Downed Cows

In February 2008, the USDA ordered the largest beef recall in US history – 143 million pounds of beef. The recall came 3 weeks after the Humane Society exposed the cattle abuse at a plant that supplies meat to 36 states and over 100,000 schools. Unfortunately, the recall included beef dated back to February 2006, so most had already been consumed. But, why would eating abused beef even effect our health?

Because the most common form of cattle abuse is forcing “downed” cows to stand for slaughter. It is against USDA regulations to slaughter an animal that can not stand on its own because the inability of the animal to stand indicates an unhealthy animal and downer animals have a higher likelihood of E. coli and Mad Cow Disease. But the slaughterhouses do not want to lose money on these sick animals, so they kick them, ram them with forklifts, jab them in the eyes, and shock them with electric prods, to try to force them to stand.

The exposed incident in February of 2008, unfortunately, is representative of a rampant practice in the industry. Not only is this routine cruel, but it is also dangerous to our health. As the meat industry has consolidated, larger plants process more animals than ever before. Plus, old dairy cattle (used for ground beef) are more prone to disease, and one sick cow can contaminate thousands of pounds of hamburger. A contamination in a single plant can effect consumers all across the country.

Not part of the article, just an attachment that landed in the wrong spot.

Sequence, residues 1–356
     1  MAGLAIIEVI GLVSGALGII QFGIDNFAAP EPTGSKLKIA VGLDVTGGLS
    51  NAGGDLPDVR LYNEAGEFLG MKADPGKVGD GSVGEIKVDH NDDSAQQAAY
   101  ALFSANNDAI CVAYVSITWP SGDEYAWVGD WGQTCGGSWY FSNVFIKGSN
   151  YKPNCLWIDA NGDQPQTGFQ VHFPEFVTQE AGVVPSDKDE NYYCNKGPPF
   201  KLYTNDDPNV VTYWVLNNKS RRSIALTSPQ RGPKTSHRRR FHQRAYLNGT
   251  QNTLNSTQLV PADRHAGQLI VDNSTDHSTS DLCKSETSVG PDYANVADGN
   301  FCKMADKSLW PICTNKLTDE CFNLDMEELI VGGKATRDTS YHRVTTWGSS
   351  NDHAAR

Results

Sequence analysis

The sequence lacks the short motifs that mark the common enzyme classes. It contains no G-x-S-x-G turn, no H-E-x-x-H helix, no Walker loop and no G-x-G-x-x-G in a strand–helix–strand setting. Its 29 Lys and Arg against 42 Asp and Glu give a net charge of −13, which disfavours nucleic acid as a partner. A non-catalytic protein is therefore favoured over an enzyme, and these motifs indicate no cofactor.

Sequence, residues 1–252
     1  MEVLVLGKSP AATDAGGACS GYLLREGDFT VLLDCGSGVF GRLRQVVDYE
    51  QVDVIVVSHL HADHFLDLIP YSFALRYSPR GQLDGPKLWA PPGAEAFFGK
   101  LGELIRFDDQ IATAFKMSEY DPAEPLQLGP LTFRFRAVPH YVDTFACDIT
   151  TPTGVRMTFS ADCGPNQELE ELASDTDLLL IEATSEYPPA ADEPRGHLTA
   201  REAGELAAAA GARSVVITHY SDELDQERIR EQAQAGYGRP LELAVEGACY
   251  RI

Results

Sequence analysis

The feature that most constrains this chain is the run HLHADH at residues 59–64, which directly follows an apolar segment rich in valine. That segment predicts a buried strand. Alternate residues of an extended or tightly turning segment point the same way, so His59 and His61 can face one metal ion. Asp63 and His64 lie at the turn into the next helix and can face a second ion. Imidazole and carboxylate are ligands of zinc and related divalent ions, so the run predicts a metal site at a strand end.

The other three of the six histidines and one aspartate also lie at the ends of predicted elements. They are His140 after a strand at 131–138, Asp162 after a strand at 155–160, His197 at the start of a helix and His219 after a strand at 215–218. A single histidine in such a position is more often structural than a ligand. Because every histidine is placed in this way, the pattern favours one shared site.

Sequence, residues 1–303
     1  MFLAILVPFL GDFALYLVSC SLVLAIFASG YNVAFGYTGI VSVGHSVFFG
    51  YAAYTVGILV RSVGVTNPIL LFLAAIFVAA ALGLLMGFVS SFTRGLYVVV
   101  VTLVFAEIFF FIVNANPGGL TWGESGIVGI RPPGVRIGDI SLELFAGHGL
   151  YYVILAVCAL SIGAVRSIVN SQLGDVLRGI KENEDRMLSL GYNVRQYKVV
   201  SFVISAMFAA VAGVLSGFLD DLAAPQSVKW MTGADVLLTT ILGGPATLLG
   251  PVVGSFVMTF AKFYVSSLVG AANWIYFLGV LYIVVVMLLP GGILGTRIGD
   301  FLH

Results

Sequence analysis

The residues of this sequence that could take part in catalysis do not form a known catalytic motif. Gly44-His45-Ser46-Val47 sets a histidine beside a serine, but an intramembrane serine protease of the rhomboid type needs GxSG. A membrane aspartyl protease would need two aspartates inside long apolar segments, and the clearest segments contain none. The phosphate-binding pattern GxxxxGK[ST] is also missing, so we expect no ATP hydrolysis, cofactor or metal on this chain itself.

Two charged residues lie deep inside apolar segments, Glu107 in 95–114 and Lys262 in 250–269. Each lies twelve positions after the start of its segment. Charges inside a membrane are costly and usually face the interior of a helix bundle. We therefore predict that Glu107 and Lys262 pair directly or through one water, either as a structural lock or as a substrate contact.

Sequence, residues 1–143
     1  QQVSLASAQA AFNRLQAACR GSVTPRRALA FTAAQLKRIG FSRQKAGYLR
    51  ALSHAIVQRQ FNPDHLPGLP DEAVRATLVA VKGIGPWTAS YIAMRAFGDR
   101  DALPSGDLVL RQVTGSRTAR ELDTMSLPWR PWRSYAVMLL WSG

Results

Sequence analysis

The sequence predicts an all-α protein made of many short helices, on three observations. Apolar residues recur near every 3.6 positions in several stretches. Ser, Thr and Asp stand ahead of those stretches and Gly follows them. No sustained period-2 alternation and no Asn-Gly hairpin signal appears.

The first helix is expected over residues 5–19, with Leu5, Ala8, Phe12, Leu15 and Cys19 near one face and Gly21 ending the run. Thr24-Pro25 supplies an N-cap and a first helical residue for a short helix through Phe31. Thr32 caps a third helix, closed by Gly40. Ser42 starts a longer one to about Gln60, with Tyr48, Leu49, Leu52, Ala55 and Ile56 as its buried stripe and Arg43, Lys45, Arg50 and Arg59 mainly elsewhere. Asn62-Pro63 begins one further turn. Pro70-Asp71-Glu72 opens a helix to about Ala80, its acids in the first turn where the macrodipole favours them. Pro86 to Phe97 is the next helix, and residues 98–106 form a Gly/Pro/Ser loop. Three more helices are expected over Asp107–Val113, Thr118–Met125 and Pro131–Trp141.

As the number of contamination outbreaks has increased, our animal health and food safety inspection system has declined. In a nutshell, there are not enough inspectors, and the inspectors are not equipped with adequate detection technology. The USDA has a lack of protection for whistleblower inspectors and slaughterhouse employees, and even has a history of disciplining whistleblowers. And, perhaps most detrimental to our health, the USDA relies on the meat processors, instead of federal inspectors, to control the sampling of meat products to detect contamination.
Breakfast: none
Lunch: Panini with mushrooms, spinach, tomato, onion, and hummus
Dinner: Veggie dogs (leftovers from Memorial Day weekend BBQs)
PS – Love this!


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